Hinayana


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Related to Hinayana: Vajrayana

Hinayana

 

one of the two major branches of Buddhism, the other one being Mahayana Buddhism. The concept of Hinayana was introduced by the Mahayanists at the beginning of the first millennium A.D., not long after the emergence of Buddhism itself. Hinayana Buddhism comprises a number of schools, including Theravada, Sarvastivada (Vaibhashika), and Sautrantika; at present, however, the adherents of Hinayana Buddhism tend to identify it with the Theravada school, or the “teaching of the elders.” Hinayana Buddhism, as it developed and spread to the southern countries—such as Ceylon, Laos, and Thailand—became firmly established there under the name of Southern Buddhism. Among its basic texts are the Abhidharma-kosa by Vasubandhu and the Tipitaka.

Buddhism preaches individual perfection for the attainment of “deliverance,” or Nirvana; in Hinayana, the moral and intellectual development of the individual was proclaimed to be completely independent of any forces external to man, and particularly divine ones. Hinayana is distinguished by its relatively strict and at the same time negative moral principles. Its ideal is the arhat —the individual who strives unswervingly and above all toward self-perfection and who in effect cares little for the perfection of others. In the philosophical frame of reference, a related aspect of Hinayana is its denial that either the soul or god exist as independent entities and the assertion that dharmas are the only existing essences—dharmas being the specific psychophysical elements of the individual’s life activity, inseparably linked to the surrounding world. Dharmas represent the union of the subjective and the objective, the material and the spiritual, and they are in perpetual motion.

The Hinayanists regard the Buddha as a historical person who differs from others by his incomparably greater perfection but is not endowed with divine authority. He is represented as the highest ideal of human existence and as a model for others, inasmuch as every man has the potential to become a Buddha.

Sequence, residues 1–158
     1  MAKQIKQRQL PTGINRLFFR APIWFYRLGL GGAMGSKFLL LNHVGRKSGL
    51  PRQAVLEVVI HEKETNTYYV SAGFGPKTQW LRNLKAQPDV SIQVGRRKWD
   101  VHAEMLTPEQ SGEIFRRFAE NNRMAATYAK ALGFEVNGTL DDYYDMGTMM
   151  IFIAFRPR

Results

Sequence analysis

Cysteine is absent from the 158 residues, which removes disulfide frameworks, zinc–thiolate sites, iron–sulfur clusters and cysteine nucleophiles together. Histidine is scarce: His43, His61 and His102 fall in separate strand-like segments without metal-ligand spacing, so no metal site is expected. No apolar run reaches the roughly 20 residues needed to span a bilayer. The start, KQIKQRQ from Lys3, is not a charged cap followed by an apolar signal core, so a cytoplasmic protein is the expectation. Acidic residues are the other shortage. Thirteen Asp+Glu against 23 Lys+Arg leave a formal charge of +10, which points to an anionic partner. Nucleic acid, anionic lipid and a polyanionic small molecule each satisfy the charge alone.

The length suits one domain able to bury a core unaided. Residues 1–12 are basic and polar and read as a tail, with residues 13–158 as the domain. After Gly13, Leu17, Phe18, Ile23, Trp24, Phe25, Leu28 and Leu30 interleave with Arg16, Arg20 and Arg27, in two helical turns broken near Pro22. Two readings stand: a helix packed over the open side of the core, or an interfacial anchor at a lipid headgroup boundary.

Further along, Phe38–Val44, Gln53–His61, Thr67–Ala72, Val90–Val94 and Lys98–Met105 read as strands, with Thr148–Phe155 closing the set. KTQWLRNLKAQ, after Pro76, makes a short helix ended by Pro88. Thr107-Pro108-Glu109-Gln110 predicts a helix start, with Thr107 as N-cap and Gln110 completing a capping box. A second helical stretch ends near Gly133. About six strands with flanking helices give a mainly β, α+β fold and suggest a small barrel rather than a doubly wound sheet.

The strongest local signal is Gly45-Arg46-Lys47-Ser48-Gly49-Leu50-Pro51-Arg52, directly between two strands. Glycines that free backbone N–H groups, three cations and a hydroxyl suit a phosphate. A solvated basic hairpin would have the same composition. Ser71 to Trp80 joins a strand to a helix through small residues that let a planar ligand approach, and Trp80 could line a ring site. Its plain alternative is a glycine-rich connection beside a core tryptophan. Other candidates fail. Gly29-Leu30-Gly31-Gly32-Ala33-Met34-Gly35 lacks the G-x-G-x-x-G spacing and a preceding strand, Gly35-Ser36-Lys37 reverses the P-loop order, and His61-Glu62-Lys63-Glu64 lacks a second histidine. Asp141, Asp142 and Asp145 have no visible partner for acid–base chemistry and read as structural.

In theory, Hinayana Buddhism has substituted life in a monastic community, or sangha, for worship and ritual; the significance of the latter, however, has been preserved in the countries that practice Southern Buddhism, where a distinctive form of polytheism developed.

REFERENCES

Radhakrishnan, S. Indiiskaia filosofiia, vol. 1. Moscow, 1956. (Translated from English.)
Vallée Poussin, L. de Ia. Bouddhisme. Paris, 1909.
Bareau, A. Les Sectes bouddhiques du petit Véhicule. Saigon, 1955.
Lamotte, E. Histoire du bouddhisme indien. Louvain, 1958.
See also references under BUDDHISM.

V. P. LUCHINA

References in periodicals archive ?
No es posible progresar en la via del mahayana sin tener buenas bases de hinayana, y llevaria a un final fatal comportarse como un practicante de vajrayana, si uno no esta firmemente consolidado en el mahayana.
que les adeptes du bouddhisme hinayana (du petit vehicule) cherchent a atteindre la liberation individuelle des cycles des reincarnations, ceux du bouddhisme mahayana (du grand vehicule) souhaitent atteindre la pleine illumination pour non seulement s'aider eux-memes, mais pour aider les autres, et ce, a travers la bodhichitta (soit un etat d'esprit qui veut parvenir a l'illumination pour le benefice de tous les etres vivants).
Mahayana Buddhism differs from Hinayana Buddhism and Hinduism because while it recognizes social inequality based on class divisions and castes, it does not limit salvation to only the select few.
Incidentally, I see no real conflict between Mahayana and Hinayana Buddhism.
Y creo que se ha dividido en dos escuelas, el Hinayana, el Pequeno Vehiculo.
This is somewhat of a revealing perception by a Mahayanist of Theravada which is the only extant example of so-called Hinayana Buddhism, largely believed to be other-worldly and anti-social.
These are the "small vehicle" or Hinayana (stage four); the self-enlightened ones who remain apathetic toward other sentient beings, thereby failing to cultivate compassion (stage five); the followers of the path of meditative union or Yogacara (stage six); the proponents of the doctrine of Emptiness who expound their doctrine through logical argumentation, taking cue from third-century Buddhist philosopher Nagarjuna (stage seven); the followers of the Tendai school who teach the interpenetration of the ten realms of being, represented by Kukai's contemporary Saicho (stage eight); and the followers of the Avatamsaka or Kegon school, who have come to a clear awareness of ultimate truth as nonimmutable, and interconnected, interpenetrating, and interdependent.
esta escuela eligiosa habia pasado por tres importantes etapas, clasificadas de acuerdo con el cambio de sus principios basicos: la etapa de Hinayana, siglo V a.
4) Buddhism perhaps comes closer than the others in muting discriminations, but in its purest form, Theravada or Hinayana, it is highly eli tist, distinguishing between spiritual athletes and ordinary people.
going back to original Christianity, or to Hinayana Buddhism, or Wiccan.
Por ese motivo se califico a si mismo de Mahayana ("Gran Vehiculo"), en contraposicion del budismo anterior, que recibio el titulo de Hinayana ("Pequeno Vehiculo").
The conflicts and violence which they unleash are proverbial in the cases of Catholics and Protestants among Christians, of Shias and Sunnis among Muslims, Hinayana and Mahayana Buddhists, Swetambara and Digambara Jains, although the intensity of violence varies among these denominations or sects.